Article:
I find the above ideas fascinating but unpersuasive. As one of Sullivan's readers writes, "Inward and outward journeys are simply not opposed, and to pretend that they are in order to adhere stuffily to the superior excellence of the inward journey is just irritating."

I've found that travel can awaken the inner journey. Some of my most contemplative thoughts have come while sitting on a bench in a foreign land, looking around and recognizing nothing, and retreating inward like one runs inside from a cold day for a cup of hot chocolate.

For a final, different take on the value of travel, here's a unique David Foster Wallace footnote from his Gourmet magazine piece on lobsters:

As I see it, it probably really is good for the soul to be a tourist, even if it’s only once in a while. Not good for the soul in a refreshing or enlivening way, though, but rather in a grim, steely-eyed, let’s-look-honestly-at-the-facts-and-find-some-way-to-deal-with-them way.

My personal experience has not been that traveling around the country is broadening or relaxing, or that radical changes in place and context have a salutary effect, but rather that intranational tourism is radically constricting, and humbling in the hardest way—hostile to my fantasy of being a real individual, of living somehow outside and above it all.

To be a mass tourist, for me, is to become a pure late-date American: alien, ignorant, greedy for something you cannot ever have, disappointed in a way you can never admit. It is to spoil, by way of sheer ontology, the very unspoiledness you are there to experience. It is to impose yourself on places that in all noneconomic ways would be better, realer, without you. It is, in lines and gridlock and transaction after transaction, to confront a dimension of yourself that is as inescapable as it is painful:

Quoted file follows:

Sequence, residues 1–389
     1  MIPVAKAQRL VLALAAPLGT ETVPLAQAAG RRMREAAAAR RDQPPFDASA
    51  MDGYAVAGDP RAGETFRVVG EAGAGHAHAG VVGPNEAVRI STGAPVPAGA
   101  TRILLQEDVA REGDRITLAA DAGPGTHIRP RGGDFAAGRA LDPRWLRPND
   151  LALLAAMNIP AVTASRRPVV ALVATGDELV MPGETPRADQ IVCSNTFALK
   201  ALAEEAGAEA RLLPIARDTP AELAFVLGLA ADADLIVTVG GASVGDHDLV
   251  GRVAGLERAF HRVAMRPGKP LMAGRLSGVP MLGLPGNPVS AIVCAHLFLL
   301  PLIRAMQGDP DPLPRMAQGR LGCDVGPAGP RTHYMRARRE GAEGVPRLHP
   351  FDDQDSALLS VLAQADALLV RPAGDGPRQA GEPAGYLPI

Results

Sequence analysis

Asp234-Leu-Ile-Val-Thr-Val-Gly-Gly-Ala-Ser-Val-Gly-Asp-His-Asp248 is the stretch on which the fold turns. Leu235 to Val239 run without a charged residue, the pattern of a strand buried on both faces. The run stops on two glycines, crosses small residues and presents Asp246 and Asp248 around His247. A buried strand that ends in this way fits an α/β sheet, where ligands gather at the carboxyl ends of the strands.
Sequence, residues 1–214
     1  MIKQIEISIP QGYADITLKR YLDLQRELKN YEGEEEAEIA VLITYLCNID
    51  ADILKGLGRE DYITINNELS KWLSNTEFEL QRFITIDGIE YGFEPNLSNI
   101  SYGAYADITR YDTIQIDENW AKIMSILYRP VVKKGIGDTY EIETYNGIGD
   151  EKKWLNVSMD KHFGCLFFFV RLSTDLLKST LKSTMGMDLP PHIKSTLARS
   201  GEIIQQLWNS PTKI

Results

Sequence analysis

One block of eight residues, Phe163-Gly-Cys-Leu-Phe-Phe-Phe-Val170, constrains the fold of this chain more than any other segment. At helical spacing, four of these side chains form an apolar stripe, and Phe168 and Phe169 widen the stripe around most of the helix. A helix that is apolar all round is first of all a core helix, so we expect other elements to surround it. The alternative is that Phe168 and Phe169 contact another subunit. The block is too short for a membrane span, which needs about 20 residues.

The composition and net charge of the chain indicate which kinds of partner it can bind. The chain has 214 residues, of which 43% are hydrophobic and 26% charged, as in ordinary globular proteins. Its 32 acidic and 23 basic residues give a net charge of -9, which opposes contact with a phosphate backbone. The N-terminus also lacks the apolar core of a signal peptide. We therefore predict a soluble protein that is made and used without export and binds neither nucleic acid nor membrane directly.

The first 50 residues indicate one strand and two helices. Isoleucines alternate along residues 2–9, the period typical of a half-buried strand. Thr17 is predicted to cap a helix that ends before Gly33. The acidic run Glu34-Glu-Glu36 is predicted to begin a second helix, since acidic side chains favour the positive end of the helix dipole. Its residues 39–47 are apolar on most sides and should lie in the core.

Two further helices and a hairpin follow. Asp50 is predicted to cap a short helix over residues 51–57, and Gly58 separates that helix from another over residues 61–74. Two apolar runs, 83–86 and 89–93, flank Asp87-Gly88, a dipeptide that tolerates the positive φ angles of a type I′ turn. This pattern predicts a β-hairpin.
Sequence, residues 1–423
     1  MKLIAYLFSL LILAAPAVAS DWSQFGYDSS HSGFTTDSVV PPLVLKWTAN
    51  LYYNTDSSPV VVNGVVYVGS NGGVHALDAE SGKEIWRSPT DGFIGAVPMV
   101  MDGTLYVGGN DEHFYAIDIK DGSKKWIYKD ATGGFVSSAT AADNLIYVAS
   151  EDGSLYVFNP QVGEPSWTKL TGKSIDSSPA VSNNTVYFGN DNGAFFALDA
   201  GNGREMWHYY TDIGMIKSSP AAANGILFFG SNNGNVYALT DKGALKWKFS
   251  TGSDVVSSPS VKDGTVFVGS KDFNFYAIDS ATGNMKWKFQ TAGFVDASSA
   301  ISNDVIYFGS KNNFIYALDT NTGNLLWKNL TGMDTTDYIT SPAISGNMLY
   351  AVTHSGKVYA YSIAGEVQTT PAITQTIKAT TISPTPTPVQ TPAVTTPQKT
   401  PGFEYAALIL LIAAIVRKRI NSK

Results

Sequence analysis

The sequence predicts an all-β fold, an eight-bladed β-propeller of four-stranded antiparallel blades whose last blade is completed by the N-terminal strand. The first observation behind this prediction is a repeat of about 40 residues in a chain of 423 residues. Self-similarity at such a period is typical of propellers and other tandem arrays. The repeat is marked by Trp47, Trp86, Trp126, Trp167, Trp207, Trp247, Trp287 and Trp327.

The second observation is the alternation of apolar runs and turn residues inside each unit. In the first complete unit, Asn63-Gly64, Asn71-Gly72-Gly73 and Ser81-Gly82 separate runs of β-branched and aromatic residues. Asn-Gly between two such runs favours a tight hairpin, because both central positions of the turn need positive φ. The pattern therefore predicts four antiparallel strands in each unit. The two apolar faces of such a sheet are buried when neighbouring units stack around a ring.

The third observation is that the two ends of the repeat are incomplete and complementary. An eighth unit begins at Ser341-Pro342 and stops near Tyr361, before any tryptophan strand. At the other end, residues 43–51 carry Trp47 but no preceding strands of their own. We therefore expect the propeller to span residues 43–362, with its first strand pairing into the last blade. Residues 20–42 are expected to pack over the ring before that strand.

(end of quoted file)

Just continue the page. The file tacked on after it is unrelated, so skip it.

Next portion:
As a tourist, you become economically significant but existentially loathsome, an insect on a dead thing.

The Quarter Life Crisis

The term "quarter life crisis" refers to the personal and professional angst of some of today's twenty-somethings.

Last month Eye Weekly published a good overview of the phenomenon and wrote:

Unrelenting indecision, isolation, confusion and anxiety about working, relationships and direction is reported by people in their mid-twenties to early thirties who are usually urban, middle class and well-educated; those who should be able to capitalize on their youth, unparalleled freedom and free-for-all individuation. They can’t make any decisions, because they don’t know what they want, and they don’t know what they want because they don’t know who they are, and they don’t know who they are because they’re allowed to be anyone they want.

In other words, it is a "crisis" that afflicts a privileged slice of the young adult group: the introspective urbanites who have the time and energy to wallow in their introspections and contemplate deeper identity issues; the people who can financially afford to think about what they love to do versus what they have to do. As this older Financial Times piece put it, the quarter life crisis is when highly educated young people are paralyzed not due to "lack of opportunity, as may have been true in the past, but from an excess of possibilities."

With generational proclamations it's important to ask whether a so-called "new" phenomenon is in fact new to the current moment or instead something all people of a particular age have experienced over the years.

I do think today's flavor of youthful existential angst is new. First, the generation in question, Gen Y, might be the most ass-wiped in history. We are called the self-esteem generation because of the way our Baby Boomer parents have coddled us: anything is possible, we are all uniquely gifted individuals, so on and so forth. This can result in expectations out of whack from reality. More young people today than ever before say they expect to be millionaires by age 30, as just one example. What follows monstrously unrealistic expectations? More intensely felt disappointment and confusion.

Second, the idea of an excess of possibilities is true in a real sense — we have grown up in a world of unparalleled peace and prosperity — but also in a newly magnified comparative sense. Today, if you're 24 and online, your sense of what's possible from a how-to-live-life perspective is limited by the bounds of a boundless internet. Sure, when you read newspapers from all over the world or follow blogs from people doing amazing things your arc of vision is broader than whatever is happening on your cul-de-sac. But this also means you can compare yourself, in vivid detail and in real-time, to whomever is at the top of the game you happen to be playing in. Possible consequence: feelings of inferiority, envy, slowness (there's always someone younger who's done more and read more), stupidness, loneliness ("Everyone has it figured out but me").